Oppression In American Literature

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Literature Against Oppression Freedom of being who you are and acceptance is something that people with blessing overlook, and people without it strive to attain. Throughout American literature and history, problems of injustice have always been present. Sadly, many just accept that the fact that they are detested by society, very few know how to fight against it. The community has a way of creating a variety of oppression groups, American Literature being no exception, such as race and gender. Only with the help of these daring, brave authors can society evolutionize, each in their own unique way. Authors, Frederick Douglass and Elizabeth Staton provide to American Literature, through their speeches, essays, and writing, therefore allowing …show more content…
The gender role of the women consisted of maintain household order, encourage faith and moral development, and subordinate men. At first women were satisfied with this work, since they felt as a help to the growing nation at the time. Although as time went on, women became hungry for a role in their government. Despite this want, very few women dared to challenge society’s views. This was until Elizabeth Cady Staton came and catalyzed a change. Staton would quickly become president of the National Woman Suffrage Association (Gordon 337). Here she led women who wanted to prove themselves as equals with men, have rights in government, and a wider range of jobs. Elizabeth Staton was brilliant, using strategy that would create a multitude of events that would eventually lead to the nineteenth amendment, granting women the right to …show more content…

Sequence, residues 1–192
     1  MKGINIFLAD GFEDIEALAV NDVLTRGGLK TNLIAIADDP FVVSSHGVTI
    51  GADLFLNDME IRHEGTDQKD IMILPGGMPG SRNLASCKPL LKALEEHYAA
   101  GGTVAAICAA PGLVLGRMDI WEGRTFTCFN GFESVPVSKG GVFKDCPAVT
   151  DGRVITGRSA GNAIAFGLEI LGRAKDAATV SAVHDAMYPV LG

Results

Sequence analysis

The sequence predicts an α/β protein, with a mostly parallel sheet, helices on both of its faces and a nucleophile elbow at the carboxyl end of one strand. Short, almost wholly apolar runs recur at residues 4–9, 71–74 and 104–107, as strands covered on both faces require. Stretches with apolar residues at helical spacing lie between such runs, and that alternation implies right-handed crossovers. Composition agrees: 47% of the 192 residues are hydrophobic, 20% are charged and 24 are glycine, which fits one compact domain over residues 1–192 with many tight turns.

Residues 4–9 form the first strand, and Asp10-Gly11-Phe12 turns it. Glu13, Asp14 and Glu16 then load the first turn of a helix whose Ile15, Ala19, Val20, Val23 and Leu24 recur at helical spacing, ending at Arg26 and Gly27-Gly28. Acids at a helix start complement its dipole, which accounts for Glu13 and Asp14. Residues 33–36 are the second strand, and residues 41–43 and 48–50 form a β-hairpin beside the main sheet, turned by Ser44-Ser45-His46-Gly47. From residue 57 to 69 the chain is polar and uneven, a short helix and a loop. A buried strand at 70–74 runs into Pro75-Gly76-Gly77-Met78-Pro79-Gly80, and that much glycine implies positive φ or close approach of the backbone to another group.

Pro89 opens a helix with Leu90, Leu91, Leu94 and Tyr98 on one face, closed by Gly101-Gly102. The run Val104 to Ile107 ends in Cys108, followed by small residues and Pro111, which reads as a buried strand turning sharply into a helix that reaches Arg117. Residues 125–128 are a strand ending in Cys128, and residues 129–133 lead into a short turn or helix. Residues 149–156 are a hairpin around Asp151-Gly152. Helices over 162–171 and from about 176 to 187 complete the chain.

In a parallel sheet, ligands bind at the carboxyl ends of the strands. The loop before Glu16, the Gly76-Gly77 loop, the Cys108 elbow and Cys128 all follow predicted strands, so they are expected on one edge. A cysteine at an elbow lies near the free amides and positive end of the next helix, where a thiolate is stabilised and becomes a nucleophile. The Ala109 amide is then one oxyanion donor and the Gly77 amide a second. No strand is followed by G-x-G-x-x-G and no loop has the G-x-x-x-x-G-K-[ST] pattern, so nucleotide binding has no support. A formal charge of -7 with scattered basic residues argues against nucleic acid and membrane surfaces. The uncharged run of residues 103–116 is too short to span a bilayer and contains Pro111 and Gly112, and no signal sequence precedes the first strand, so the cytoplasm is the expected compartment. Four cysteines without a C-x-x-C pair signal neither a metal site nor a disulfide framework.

Firstly, both activists had been sufferers of their oppression first hand and it was because of this they felt they had to help cause the difference. Both Douglass and Staton strategized to be acknowledged by taking over a main source of entertainment, literature. It was through their literature where audiences could get a feel for the struggles faced in their own society. Not only that, but but both practiced the art of non-violent activism helping to be admired and respected by many. Despite all of the physical and emotional abuse they had received, they could of treated them accordingly. They didn't though because they new the pain and agony felt when you abuse someone like that and what they were fighting for was completely against that. Douglass and Staton were both the catalysts needed at the time to carve in a place for those people who society would not allow to fit in. Although the progress was slow, results greater than that could not be

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